process. Again, it is important to realize that these effects are conditional on the amount of last
period's saving. Lagged saving tells us what the agent expects future income changes to be.
Conditional on this expectation, a higher value of lagged income implies a higher value for
current income, and the derivative is greater than unity unless the income process has a unit
root. If lagged income had been one unit higher, and there were no implications for current or
future incomes, lagged consumption would have been higher by r/(\+r). However, since lagged
saving is being held constant, lagged consumption must have been a full unit higher, and for
this to make sense, there must have been private information that current income or future
incomes would be high enough to justify the rest. If there is no auto-correlation in the income
process, the correct amount is (l+r)/r, and this would be the value of a,,, but will be lower (or
higher) if there is positive (or negative) auto-correlation.
The bottom row of the A matrix is easily interpreted in terms of the first row. Once we
know what the implications of lagged saving and income for current income, the implications
for current saving are a direct consequence.
Before moving on to econometric issues, I give some consideration to possible alternatives
to the PIH and to the question of how to interpret possible failures of the restrictions (10). In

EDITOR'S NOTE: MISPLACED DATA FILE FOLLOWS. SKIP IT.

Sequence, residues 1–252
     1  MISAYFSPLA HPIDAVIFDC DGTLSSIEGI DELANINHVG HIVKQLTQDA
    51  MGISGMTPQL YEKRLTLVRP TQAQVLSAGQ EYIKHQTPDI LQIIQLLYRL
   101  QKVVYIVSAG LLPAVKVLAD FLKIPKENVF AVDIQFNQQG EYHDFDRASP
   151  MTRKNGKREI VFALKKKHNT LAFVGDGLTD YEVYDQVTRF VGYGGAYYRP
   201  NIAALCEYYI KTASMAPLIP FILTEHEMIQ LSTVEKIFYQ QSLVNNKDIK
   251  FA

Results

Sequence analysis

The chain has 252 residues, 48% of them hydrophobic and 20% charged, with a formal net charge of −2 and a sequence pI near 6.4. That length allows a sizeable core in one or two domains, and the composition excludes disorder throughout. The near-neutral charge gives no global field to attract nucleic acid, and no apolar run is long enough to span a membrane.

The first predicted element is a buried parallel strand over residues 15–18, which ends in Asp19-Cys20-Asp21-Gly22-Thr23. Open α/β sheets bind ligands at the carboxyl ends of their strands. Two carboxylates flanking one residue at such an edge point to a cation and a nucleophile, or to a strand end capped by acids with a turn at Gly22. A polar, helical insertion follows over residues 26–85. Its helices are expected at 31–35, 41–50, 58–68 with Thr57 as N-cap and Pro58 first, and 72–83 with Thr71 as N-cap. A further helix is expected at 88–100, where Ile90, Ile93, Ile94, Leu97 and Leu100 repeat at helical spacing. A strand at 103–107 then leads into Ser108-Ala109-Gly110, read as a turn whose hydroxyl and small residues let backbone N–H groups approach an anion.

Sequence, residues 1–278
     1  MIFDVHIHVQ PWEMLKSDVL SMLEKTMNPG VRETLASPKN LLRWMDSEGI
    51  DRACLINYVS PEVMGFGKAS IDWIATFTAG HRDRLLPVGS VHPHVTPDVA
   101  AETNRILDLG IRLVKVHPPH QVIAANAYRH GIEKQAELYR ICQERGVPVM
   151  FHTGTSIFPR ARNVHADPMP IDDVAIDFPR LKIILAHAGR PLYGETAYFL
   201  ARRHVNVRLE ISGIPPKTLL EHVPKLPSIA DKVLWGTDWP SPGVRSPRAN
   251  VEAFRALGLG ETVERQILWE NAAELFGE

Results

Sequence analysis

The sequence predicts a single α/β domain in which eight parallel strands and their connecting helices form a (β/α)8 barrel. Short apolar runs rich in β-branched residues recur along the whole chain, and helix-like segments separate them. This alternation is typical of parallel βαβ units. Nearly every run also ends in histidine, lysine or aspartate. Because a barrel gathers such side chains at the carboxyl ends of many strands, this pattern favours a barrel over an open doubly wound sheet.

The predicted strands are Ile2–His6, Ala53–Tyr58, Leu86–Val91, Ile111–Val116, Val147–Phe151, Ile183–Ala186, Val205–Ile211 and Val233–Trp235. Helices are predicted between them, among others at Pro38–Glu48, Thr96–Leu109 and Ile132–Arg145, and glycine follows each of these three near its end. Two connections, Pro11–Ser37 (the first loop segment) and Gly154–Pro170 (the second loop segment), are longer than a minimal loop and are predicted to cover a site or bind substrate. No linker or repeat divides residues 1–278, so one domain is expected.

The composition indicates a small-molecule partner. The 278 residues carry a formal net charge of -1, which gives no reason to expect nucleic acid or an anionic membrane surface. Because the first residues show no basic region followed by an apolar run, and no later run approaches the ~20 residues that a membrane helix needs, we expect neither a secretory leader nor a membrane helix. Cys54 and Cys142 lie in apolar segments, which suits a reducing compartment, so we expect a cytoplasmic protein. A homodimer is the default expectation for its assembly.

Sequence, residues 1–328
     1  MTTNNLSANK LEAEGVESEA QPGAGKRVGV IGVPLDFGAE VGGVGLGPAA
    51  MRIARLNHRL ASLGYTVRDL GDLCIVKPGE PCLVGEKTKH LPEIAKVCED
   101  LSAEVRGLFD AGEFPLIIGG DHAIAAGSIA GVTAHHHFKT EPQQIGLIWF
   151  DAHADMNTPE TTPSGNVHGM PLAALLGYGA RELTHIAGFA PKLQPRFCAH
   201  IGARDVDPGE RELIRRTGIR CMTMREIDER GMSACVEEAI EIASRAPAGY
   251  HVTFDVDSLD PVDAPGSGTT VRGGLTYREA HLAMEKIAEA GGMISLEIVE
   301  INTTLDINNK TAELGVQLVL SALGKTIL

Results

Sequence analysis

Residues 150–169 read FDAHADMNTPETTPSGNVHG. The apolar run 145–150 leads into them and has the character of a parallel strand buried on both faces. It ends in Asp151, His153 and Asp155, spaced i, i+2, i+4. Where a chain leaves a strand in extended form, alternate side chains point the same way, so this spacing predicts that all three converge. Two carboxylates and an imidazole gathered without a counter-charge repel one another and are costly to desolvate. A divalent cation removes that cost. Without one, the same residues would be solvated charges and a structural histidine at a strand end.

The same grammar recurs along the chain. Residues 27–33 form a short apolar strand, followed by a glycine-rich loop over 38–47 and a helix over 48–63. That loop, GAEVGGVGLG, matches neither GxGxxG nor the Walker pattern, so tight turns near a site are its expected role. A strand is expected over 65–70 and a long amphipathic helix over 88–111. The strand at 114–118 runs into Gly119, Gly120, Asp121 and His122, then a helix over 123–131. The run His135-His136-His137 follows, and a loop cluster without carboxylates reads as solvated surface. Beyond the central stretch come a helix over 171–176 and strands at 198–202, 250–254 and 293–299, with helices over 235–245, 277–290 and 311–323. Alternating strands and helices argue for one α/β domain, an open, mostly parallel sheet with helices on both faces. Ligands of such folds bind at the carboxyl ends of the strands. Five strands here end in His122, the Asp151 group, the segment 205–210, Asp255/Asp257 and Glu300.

this I follow a recent paper by Flavin (1990) who has shown how her 1981 "excess sensitivity"
hypothesis fits into the framework used in this paper. Flavin proposes that consumption be



Even so, the excess sensitivity model (19) is very useful in the current context. Flavin
shows that (19) implies that the rainy day equation (3) is modified to
(20) 5, = - ( l - x ) ( l + r ) - ' ( A y M i q ) .
so that current saving while no longer equal to the discounted present value of expected falls
in labour income, is proportional to it. In consequence, the switch of information sets, from
Q,to H, works exactly as it did before, and once again, there is a VAR representation in terms
of income and saving. If the algebra is carried through as before, the restriction (10) takes the
new form

which, on elimination of x, gives the single non-linear restriction

(22) ( f l 2 2 -p-')( f l | 1 -l)


A failure of (10) when (22) is satisfied would suggest that the excess sensitivity model is a fair